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What Is Optimal Matching?

By Alex Newth
Updated May 16, 2024
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Optimal matching is an algorithm used in many programs to help people find the closest match. With optimal matching, the search first will discover things that somewhat match the search term; it then will recheck the found items for optimal matches. In contrast to this is greedy matching, which does not reconsider the found matches. This is used in many programs, and it can help people find documents, websites, program functions and many other things. There are many optimal matching algorithms, and each one is made to satisfy a certain purpose.

An optimal matching algorithm often takes longer to work than other matching algorithms, because it does much more when it is used. It first looks at the inputted search term and finds any and all matches that closely resemble that term. The algorithm then will look through these matches and carefully analyze each to see if any of them truly match. Any items that survive this second cut are then showed to the user.

Opposite of optimal matching is greedy matching. With this matching schema, the user still is able to input a search term, after which the matching algorithm goes to work looking at all the similar files and documents. The difference is that the greedy algorithm does not go through a reconsidering phase, so all the documents found are immediately displayed to the user. This algorithm typically works faster and tends to be better on smaller systems in which reconsidering may not be needed or when the user wants a result that displays every single matching item.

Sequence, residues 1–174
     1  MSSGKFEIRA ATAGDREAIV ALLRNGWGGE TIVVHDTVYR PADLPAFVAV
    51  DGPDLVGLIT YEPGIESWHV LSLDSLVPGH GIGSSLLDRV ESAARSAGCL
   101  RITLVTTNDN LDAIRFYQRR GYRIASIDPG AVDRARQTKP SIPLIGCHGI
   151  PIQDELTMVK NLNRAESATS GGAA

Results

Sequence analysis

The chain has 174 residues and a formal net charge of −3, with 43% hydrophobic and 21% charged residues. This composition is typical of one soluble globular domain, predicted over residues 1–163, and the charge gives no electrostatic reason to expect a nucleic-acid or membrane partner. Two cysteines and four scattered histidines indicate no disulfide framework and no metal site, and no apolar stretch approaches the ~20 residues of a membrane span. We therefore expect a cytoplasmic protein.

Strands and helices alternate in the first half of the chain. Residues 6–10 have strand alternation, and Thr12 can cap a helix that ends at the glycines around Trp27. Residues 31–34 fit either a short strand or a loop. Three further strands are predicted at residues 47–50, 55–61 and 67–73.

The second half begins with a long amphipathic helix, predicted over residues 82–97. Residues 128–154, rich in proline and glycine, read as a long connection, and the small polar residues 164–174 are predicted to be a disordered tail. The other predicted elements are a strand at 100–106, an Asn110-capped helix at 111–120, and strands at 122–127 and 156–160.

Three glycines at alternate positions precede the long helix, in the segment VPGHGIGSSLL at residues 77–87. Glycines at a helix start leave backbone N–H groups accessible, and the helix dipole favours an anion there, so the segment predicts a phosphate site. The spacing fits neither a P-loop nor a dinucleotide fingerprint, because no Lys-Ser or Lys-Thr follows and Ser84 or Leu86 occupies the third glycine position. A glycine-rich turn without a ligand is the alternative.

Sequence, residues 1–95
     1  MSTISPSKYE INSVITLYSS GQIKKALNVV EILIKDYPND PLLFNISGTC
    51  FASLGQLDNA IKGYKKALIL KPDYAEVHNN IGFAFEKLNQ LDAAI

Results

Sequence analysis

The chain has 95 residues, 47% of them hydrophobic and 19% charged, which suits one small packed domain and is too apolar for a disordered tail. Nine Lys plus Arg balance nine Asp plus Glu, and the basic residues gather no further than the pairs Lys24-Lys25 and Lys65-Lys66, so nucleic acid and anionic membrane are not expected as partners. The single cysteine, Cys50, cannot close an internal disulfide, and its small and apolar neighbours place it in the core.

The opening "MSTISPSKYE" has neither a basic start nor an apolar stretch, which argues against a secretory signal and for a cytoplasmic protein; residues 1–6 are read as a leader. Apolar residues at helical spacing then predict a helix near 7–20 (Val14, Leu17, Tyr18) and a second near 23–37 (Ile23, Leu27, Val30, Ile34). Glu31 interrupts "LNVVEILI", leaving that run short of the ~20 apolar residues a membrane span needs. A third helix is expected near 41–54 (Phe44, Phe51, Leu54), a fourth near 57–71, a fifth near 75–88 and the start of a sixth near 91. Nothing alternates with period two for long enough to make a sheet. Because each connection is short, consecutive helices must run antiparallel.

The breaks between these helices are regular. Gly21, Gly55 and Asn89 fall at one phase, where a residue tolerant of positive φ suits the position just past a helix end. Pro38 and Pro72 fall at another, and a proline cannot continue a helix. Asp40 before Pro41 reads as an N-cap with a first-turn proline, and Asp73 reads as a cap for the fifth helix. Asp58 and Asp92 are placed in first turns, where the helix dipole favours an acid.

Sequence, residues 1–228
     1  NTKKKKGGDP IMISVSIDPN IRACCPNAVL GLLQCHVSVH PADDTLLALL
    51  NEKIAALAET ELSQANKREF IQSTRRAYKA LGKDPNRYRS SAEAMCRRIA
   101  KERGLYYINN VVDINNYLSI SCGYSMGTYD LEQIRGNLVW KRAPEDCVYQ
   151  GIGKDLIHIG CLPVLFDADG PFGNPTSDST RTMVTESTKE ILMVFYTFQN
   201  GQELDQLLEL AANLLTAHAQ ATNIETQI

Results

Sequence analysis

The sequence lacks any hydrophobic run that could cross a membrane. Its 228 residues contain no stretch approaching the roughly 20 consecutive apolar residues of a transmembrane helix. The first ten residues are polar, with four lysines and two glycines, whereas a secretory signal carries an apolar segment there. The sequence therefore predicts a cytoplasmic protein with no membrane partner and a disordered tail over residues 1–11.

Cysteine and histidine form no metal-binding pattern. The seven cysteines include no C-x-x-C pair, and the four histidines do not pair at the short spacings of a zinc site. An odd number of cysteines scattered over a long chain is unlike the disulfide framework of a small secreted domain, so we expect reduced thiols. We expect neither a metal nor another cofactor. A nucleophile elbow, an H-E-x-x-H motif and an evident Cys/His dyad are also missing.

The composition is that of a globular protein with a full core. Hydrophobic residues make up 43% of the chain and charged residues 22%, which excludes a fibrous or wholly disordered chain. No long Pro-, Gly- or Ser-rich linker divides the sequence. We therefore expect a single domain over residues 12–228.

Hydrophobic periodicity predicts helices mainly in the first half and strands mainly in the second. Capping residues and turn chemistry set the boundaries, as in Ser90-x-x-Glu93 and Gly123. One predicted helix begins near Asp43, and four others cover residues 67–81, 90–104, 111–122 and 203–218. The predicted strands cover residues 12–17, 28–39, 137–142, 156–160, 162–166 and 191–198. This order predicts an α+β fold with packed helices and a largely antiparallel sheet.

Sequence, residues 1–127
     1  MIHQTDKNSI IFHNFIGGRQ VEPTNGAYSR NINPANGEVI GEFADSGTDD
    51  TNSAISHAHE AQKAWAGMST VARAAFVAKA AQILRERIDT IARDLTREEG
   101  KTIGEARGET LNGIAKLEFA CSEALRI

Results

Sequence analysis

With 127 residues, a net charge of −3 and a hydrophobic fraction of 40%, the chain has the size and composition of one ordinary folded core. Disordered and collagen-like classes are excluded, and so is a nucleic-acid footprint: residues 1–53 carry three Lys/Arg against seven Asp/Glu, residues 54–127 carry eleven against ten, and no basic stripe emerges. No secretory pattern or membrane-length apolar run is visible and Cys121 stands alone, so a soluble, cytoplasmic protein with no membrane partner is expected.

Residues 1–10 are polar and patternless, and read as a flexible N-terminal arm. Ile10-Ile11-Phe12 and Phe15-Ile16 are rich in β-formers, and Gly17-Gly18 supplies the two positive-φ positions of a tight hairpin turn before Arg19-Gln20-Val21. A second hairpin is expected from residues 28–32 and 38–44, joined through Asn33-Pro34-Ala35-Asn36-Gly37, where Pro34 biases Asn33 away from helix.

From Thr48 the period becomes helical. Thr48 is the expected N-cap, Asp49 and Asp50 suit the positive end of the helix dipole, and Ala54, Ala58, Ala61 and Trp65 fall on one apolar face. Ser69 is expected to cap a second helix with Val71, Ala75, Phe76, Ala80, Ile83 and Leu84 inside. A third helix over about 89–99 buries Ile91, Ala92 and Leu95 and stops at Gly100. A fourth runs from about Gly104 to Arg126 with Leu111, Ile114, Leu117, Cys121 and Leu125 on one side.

There are many uses for optimal matching and, as a result, the algorithm is added to many different types of programs. This commonly is seen with many search engines, within databases and basic programs, and in entire operating systems. It also can be programmed into custom software if the programmer wants to use the optimal matching schema.

While the optimal matching algorithm always follows the same path of finding items before cutting them down to the most relevant items, there are many separate algorithms available to programmers. Each algorithm tells the matching feature what to look for when reconsidering the found items. By properly making and customizing the matching algorithm, programmers are able to best achieve the most accurate results. For example, a search engine generally is optimized to find phrases or keywords, while a database may be optimized to find records and tables.

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